UPDATED: How to prove you have recovered from Covid in Austria

Alongside vaccination and negative testing, recovering from Covid also entitles you to certain benefits under Austria's immunity card programme. Here’s how to prove it.

UPDATED: How to prove you have recovered from Covid in Austria
A close up of a vaccination card as a doctor enters details about a Covid jab. How do you prove you have had the virus in Austria? Photo: INA FASSBENDER / AFP

Austria’s lockdown reopening – which took place on May 19th – has been accompanied by the so-called ‘3G Rule’. 

The 3G Rule refers to ‘Getestet, Geimpft, Genesen’ (Tested, Vaccinated, Recovered) and describes the three ways someone can provide evidence they are immune to the virus. 

This means they will need to show evidence of vaccination, a negative test or having recently recovered from the virus in order to take part in most of the newly unlocked activities. 

‘3G Rule’: How to prove you have been vaccinated, tested or recovered from Covid in Austria

While proving this status will become easier when Austria’s green pass comes into effect – most likely from mid-June – until then you will need to show paper evidence.

While you will get paper evidence when you are vaccinated or test negative, proving that you have had the virus and recovered can get a little more difficult.

This is the case particularly if you have not visited the doctor when you caught (or believe you caught) covid.

Medical certificate

For people who have a medical certificate saying they were infected, this is relatively simple.

You can show this for six months after your infection.

Antibody test

If you do not have a medical certificate proving you were infected, you can take an antibody test.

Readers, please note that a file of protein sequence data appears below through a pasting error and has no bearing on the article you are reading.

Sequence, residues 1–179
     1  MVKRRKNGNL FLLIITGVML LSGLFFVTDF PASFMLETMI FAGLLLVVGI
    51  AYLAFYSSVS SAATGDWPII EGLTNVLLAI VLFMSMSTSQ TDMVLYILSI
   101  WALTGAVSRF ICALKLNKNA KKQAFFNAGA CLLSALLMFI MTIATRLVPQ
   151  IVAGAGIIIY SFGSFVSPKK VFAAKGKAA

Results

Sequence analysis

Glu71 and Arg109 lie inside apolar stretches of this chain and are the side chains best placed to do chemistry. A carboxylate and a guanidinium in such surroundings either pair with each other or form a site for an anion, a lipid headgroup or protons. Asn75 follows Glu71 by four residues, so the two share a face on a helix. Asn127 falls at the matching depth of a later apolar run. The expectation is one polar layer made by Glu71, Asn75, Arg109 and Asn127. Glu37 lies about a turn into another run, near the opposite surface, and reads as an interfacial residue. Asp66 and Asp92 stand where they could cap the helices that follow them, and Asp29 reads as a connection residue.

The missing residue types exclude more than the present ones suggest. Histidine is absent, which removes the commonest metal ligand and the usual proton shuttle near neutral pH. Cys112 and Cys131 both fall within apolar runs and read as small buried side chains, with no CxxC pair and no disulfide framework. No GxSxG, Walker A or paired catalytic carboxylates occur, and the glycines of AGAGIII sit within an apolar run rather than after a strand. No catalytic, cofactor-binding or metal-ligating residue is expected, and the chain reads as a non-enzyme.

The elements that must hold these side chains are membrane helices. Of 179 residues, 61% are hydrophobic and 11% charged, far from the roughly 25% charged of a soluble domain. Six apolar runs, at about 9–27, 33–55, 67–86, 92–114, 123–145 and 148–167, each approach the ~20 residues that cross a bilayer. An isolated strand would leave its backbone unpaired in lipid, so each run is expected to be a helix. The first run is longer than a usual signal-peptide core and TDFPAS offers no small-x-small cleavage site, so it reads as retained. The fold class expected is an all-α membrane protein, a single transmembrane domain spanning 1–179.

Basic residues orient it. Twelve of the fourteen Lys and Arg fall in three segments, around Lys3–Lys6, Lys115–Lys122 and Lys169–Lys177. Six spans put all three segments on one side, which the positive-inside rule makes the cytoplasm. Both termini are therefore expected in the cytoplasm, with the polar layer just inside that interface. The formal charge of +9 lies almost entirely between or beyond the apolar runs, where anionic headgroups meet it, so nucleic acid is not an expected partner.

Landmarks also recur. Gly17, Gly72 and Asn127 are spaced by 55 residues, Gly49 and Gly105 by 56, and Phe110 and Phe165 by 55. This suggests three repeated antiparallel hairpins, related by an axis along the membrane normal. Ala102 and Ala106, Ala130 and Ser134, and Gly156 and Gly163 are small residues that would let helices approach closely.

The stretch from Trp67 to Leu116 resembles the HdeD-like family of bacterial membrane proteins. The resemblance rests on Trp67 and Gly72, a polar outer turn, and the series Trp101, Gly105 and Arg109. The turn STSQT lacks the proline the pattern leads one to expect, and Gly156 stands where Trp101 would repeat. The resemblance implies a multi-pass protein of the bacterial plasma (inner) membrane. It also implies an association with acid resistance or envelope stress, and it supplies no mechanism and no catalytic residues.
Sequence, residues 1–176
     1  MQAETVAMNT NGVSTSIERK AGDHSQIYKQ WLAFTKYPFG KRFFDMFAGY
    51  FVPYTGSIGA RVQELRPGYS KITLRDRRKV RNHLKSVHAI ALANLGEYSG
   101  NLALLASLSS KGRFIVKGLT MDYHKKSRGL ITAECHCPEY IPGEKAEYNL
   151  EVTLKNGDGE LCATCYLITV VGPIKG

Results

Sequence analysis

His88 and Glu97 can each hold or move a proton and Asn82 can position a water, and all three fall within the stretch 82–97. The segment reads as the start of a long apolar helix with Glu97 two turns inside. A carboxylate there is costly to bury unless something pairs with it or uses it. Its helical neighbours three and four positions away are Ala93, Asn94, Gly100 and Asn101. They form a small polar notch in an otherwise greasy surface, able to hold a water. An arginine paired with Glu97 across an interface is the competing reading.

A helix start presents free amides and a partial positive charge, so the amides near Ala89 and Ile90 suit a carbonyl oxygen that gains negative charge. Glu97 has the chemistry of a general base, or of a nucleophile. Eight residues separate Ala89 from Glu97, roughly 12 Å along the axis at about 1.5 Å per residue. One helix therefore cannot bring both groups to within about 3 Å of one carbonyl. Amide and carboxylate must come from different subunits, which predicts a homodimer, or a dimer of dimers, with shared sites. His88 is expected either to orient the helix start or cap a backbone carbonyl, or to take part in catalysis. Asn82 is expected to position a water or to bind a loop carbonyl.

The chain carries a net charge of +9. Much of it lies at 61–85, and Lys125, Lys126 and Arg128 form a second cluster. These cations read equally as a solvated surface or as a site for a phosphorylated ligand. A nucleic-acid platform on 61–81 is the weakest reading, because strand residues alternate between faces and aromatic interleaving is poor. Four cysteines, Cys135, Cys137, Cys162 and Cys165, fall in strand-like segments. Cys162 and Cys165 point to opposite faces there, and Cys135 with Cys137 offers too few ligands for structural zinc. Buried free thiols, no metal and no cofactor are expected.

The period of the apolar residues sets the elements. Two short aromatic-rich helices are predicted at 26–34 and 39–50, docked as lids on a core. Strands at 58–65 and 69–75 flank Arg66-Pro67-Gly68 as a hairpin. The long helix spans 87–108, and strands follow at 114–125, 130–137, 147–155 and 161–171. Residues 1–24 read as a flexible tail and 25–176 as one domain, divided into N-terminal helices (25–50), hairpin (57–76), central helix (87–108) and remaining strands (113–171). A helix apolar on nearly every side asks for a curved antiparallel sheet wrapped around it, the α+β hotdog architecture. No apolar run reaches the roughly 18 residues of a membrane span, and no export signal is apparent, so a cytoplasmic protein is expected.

Generally speaking, this will need to be taken at a private lab, as the government has not set up any form of widespread antibody testing.

Austria’s Kurier newspaper reports that antibody tests cost roughly between 25 and 40 euros in private labs.

Companies that carry out antibody tests have been encouraged by the government to produce results which are easy to read, i.e. that simply say “positive” or “antibodies found”. 

This is because it is difficult to show via antibodies how well someone is protected.

The results of these tests are valid for three months, provided of course that the results show you have had the virus.

According to the Austrian government, you are then allowed to carry out a test again after the three month period has expired.

If the test shows you still have antibodies, then it will be valid for a further three months.

You will need to carry out the tests at your own expense. 

More information on the test specifics can be found at the following link (in German).

Separation notice 

In Austria a paper “separation notice” (Absonderungsbescheid) can currently be used to prove that you have recovered from Covid-19 and avoid the testing or vaccination requirement to enter venues and events.

The notice is issued by medical officers in Austria, and allows employees has to stay at home in quarantine for 10 days on full pay in the event of a Covid-19 infection. 

Digital recovery certificate 

If you have taken a PCR test which showed you tested positive for coronavirus, data from the laboratory which carried out the test should now be automatically sent to the epidemiological reporting system (EMS). 

READ MORE: How to get a Covid ‘recovery certificate’ in Austria to comply with EU travel scheme

Recovery certificates to be created

From 31st May, Austria started to  create recovery certificates, complete with a QR code, that will comply with the EU travel scheme and can be obtained by anyone who has had a positive Covid test. These should be issued after Austria’s digital Green Pass starts in June.

I have been diagnosed as Covid-19 positive. When do I get my certificate? And how long will it last for?

The certificates can only be issued eleven days after an infection diagnosed by a PCR test and should be valid for six months. It will contain data such as name, date of birth, date and place of the first positive test result, start and end of validity as well as information about the issuer. 

How do I get a digital certificate?

For people who have been infected with Covid-19 and have been recorded in the EMS in Austria, a recovery certificate is automatically created and made available to the recovered person via the platform.

A mobile phone signature or citizen card is required to log in to the electronic health record (ELGA) and thus to retrieve the certificate.

You can find out how to get a mobile phone signature here.